stop there was at the Ginger Harper Real Estate Group. This Library is outside their office, across the side street from the Maritime Museum. We found a good variety here, including James Patterson again, and something called “The Chocolate Bible.” I am not sure why I didn’t grab that one. This location has the added benefit of being half a block away from the Southport waterfront, where you can grab a chair and sit a spell with a new-to-you book. We opted to grab some take-out from Moore Street Market and enjoyed lunch on the benches under the trees in front of the Maritime Museum. On Howe Street near the Port City Java is a Library sponsored by Southport-Oak Island Kiwanis. This Little Free Library had novels (yes,
County, stopping in Boiling Spring Lakes on the way, since there is a box outside Town Hall. It’s painted bright green, so it’s pretty easy to spot. On this day, we found more quilting publications and contemporary novels by Patterson, of course, but also David Baldacci and others, as well as some really cute children’s books.
James Patterson again) and nonfiction, including lots of magazines and books on quilting. We headed up to the north end of the
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CURRENTS In Stoney Creek Plantation, off U.S. 17 in Belville/Leland, there is an adorable Library that looks like a barn, with red walls and white trim. Not surprisingly, this Library had lots of children’s books, including classics like Nancy Drew and the Little House on the Prairie series. I was so glad to see these, as I enjoyed them in my own childhood.
We also stopped by the Leland Cultural Arts Center, with a beautiful Little Free Library, sponsored and decorated by Girl Scout Troop 4257, out front. Jeffrey nabbed a book out of this one — a compilation of Joseph Conrad short stories. There was a great assortment of nonfiction, children’s books and fiction (including one by Maeve Binchy and a book of ghost stories). We headed over to the Windsor Park community off U.S. 76 in Leland. This is where I found my book for the day. It’s
and plenty of others just waiting to be discovered. I am in that in-between generation. I have the Kindle app on my iPad, and I also love borrowing e-books through the Brunswick County Library system. But I also still love the feeling of holding a book in my hand, and the anticipation of opening it and starting on the first page. We have so many online choices and a great local library system, but these Little Free Libraries nurture the community aspect of reading and sharing good stories with others.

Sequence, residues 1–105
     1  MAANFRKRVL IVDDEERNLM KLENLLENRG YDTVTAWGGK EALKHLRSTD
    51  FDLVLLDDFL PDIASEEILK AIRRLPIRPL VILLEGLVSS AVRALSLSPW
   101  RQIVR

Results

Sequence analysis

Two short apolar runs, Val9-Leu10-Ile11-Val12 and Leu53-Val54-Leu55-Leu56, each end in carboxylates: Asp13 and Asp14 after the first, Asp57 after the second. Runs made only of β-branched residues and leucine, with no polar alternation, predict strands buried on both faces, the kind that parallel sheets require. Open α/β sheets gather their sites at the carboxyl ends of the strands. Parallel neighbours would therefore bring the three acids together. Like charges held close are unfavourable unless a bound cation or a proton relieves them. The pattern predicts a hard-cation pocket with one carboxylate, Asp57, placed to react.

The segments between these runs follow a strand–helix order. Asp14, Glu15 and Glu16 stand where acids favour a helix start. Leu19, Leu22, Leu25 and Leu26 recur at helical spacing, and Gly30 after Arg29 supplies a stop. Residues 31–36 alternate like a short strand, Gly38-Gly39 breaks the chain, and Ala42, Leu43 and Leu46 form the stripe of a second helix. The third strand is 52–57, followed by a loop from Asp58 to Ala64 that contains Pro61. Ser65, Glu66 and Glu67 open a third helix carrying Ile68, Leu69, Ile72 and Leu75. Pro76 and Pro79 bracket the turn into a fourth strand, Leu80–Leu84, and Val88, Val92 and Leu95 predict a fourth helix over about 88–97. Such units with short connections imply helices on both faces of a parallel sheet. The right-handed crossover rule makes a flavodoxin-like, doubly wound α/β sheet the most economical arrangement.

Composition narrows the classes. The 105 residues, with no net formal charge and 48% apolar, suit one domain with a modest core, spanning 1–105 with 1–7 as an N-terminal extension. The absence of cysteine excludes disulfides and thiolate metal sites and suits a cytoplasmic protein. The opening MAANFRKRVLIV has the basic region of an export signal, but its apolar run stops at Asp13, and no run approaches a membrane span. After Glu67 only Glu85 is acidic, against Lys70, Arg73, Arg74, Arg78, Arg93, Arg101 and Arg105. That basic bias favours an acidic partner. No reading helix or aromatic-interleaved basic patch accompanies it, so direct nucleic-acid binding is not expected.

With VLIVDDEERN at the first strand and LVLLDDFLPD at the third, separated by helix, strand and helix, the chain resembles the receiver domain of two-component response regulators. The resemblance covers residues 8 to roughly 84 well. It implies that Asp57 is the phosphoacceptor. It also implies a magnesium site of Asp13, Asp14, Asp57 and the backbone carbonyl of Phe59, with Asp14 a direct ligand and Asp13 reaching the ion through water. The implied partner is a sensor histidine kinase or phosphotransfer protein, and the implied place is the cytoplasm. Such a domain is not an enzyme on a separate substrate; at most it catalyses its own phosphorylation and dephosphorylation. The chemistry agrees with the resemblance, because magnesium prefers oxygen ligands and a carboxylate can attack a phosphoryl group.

“The Friday Night Knitting Club,” by Kate Jacobs. I don’t knit, but the story looked interesting. Leland’s Founders Park also has a sharing library, this one the product of an eagle Scout project in 2018, according to its plaque. We’ve loved seeing the progression of this park as it continues to serve its growing community in new ways. The Library is tucked away by the playground, and there was a selection of holiday-themed books, totally appropriate for the time of year. There was also an installment from Janet Evanovich’s popular Stephanie Plum series, several children’s books and even a local coupon book. Our final stop for the day was at the Brunswick Riverwalk Park in Belville. This Library is near the playground, and is painted a woodsy brown to blend in with the trees. There was the usual assortment of fiction, and also the most interesting find of the day, a book called “If You Didn’t Bring Jerky, What Did I Just Eat? Misadventures in Hunting, Fishing and the Wilds of Suburbs.” And that’s one the best things about Little Free Libraries. You never know what you’ll find. While we did have a grand tour, we did not see all of the Little Free Libraries in the area. To see all the locations for those officially registered, or to find out how you can start your own Little Free Library,
visit littlefreelibrary.org. Little Free Library is a registered 501(c)(3) nonprofit organization that builds community, inspires readers, and expands book access for all through a global network of volunteer-led little libraries, according to the website. One thing we noticed about all the libraries we visited — they all have lots of selections, including well-known favorites
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The Flavor of Love
The “Flavors of La Polena” Cookbook Was Labor of Love For La Polena’s Innkeeper STORY BY JEFFREY STITES, PHOTOS CONTRIBUTED